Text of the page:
A couple of weeks ago a Harvard Business Review article appeared in my inbox which contended that ‘resistance to change’ was a myth because ‘people like change’. People do indeed like change but the logic was a little specious in that the connection between change resistance in corporate environments is not really related to change we create ourselves.
A vacation is a pleasant change of scenery, something most of us look forward to as a change of routine. A new car, gadget or an entertainment experience are all changes we enjoy. They are the sort of change we have control over and actually seek to create. Thus people do like this sort of change and it is highly unlikely that there will be any ‘resistance’ to what are intended to be pleasant experiences.
We contrast change situations which we have created ourselves and where we have some control over with the sort of change which does typically invoke active or passive resistance. I have encountered some form of resistance in all of the many change and transformation programmes I have been involved in. A change in organisational structure or the introduction of new processes is always disruptive in some way. Fear of the unknown is a natural response and employees will seek ways of mitigating personal risk to their status or power base. Imposed change is rarely seen as a positive at an individual level. What may be seen as a necessary response to changing financial and market conditions at a corporate level often translates into a personal threat at an individual level. This sort of change is not typically something we have created ourselves and not likely to be a pleasant experience. People generally don’t like this sort of change and will frequently seek ways of resisting it.
Overt change resistance is not something you tend to come across very often. Managers know that if they are seen as not following the programme there is a fighting chance that a target will be placed on their back. A reputation as a trouble-maker is not something you want in an environment where changes have to be made, especially if those changes involve organisational restructuring.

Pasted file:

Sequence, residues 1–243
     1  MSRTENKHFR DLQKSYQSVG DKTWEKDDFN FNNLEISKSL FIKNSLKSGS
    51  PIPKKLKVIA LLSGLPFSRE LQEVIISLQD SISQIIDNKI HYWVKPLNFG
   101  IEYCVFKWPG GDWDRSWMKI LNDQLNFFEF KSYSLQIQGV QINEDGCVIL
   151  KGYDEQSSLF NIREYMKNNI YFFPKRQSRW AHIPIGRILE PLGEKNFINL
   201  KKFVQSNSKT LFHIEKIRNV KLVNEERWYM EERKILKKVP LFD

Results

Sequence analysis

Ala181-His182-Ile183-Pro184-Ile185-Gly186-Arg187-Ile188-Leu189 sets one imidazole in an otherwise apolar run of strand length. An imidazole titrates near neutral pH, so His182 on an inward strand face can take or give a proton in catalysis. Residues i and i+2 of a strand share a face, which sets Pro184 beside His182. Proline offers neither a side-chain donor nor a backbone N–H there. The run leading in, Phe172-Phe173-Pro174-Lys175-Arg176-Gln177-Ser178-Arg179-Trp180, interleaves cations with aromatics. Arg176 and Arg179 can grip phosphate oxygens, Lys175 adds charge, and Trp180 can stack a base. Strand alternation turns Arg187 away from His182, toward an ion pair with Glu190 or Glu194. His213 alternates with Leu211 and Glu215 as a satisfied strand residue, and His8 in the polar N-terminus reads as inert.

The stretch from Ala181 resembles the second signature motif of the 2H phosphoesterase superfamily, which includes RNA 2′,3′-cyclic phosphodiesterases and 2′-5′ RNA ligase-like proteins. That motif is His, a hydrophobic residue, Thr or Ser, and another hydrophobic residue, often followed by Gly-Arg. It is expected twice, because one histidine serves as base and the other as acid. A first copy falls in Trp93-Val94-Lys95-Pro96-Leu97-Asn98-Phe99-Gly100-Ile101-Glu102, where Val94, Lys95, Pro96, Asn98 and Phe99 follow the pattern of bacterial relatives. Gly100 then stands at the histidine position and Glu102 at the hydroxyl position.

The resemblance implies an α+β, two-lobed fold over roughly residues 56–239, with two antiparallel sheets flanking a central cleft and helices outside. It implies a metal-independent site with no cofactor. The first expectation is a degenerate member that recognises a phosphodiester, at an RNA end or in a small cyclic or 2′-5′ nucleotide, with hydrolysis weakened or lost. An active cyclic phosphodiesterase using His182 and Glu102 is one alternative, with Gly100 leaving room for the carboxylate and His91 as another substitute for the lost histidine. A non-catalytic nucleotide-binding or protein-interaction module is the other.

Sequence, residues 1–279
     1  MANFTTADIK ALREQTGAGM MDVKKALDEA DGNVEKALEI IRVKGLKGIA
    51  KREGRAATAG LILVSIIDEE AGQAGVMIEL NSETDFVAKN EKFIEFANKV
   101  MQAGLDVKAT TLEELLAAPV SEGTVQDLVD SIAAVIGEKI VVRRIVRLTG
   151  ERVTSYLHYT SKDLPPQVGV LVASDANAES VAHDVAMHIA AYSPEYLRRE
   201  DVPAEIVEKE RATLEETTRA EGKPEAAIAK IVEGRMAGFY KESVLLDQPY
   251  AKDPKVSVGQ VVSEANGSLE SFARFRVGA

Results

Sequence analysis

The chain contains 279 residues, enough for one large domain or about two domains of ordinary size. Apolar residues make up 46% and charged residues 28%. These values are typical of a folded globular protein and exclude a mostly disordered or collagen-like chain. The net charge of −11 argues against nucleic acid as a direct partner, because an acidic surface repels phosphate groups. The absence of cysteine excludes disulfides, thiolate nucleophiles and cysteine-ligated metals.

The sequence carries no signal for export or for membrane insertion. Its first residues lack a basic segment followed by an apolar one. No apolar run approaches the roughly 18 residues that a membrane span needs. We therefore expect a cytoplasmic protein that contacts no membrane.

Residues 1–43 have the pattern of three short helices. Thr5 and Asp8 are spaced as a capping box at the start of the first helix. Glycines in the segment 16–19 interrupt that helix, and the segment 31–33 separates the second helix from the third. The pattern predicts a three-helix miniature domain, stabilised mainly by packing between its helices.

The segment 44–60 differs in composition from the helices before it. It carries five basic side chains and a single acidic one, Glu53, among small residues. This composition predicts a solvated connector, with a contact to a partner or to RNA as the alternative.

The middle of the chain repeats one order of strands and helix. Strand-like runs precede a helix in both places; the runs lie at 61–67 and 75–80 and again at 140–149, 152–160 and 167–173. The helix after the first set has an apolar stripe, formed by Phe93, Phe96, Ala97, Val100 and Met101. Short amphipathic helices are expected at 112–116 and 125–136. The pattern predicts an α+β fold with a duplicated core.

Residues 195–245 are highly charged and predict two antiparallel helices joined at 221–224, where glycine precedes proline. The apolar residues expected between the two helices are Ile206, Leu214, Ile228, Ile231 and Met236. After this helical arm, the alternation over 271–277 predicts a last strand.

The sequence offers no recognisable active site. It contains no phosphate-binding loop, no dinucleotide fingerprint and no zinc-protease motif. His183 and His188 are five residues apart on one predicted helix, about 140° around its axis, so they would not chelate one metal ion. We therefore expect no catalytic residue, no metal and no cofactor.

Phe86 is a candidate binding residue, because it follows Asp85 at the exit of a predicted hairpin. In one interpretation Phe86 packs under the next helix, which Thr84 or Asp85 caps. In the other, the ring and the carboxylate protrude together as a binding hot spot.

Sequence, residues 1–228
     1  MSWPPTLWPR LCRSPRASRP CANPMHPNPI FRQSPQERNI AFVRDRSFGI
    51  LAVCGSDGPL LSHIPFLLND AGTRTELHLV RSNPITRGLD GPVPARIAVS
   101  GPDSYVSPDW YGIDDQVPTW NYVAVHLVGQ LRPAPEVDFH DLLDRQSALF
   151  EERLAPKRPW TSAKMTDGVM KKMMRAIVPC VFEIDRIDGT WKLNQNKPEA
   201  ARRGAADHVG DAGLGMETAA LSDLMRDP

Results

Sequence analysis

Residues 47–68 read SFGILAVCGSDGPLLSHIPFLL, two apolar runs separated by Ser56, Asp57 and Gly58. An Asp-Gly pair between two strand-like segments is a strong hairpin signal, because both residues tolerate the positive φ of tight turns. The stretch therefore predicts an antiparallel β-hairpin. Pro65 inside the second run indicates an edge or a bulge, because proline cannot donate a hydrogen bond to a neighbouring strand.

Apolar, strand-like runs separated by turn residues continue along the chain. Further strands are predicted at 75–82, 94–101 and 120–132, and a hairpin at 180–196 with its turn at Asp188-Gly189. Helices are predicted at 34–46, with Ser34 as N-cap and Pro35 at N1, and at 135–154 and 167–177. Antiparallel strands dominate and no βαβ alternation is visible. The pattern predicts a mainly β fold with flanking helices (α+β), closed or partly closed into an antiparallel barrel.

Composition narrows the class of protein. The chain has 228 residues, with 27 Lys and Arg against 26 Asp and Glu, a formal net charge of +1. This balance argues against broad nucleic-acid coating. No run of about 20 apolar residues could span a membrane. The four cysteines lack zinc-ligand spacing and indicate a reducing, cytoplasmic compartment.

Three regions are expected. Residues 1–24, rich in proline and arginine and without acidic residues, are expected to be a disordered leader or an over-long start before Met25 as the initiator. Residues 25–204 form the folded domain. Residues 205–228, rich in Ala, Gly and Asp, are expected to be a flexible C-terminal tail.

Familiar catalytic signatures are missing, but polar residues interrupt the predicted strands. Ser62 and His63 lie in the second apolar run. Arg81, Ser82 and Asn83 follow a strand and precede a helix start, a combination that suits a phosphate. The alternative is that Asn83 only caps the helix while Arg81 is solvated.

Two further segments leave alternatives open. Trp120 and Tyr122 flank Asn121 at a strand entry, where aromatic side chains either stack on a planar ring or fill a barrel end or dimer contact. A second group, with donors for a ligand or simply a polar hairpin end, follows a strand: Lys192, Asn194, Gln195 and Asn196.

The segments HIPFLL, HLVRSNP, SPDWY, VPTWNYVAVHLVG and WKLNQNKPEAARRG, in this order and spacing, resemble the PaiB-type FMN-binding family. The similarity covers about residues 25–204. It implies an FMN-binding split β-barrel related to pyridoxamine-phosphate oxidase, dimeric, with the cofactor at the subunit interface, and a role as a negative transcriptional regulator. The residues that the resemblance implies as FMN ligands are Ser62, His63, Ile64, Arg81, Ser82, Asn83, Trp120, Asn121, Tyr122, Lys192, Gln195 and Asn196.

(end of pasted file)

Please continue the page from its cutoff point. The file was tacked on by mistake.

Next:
Resistance to change is far more likely to be covert and disguised. Lip service may be paid to the goals of the corporate change but underneath the ‘words of support’ there is no real drive or energy behind making things happen. Meetings are delayed or poorly attended. Key issues may be deferred or the implementation plan poorly designed. Agendas can be hijacked by items that are peripheral to the core challenges and less ‘streetwise’ team members might be encouraged to generate ‘issues’ which delay an implementation or distract attention. Targets can be made unrealistic in their ambition, virtually ensuring failure before the programme has really got underway. Business-as-usual can be prioritised drawing essential team members away from their change programme tasks and back into daily routines. There are dozens of ways a programme can be set-up to fail and all of them add up to the kinds of change resistance we see in both minor and major transformations.
So there are two forms of change. There is the sort of change that we create ourselves, the change that we enjoy and seek to repeat. Then there are the changes that are often imposed extraneously. It is this latter case where both active and passive resistance tends to occur. People do like change but only in a limited set of circumstances. They generally don’t appreciate the change required by corporate needs and will in many circumstances develop innovative ways of resisting it.
Change resistance is not a myth.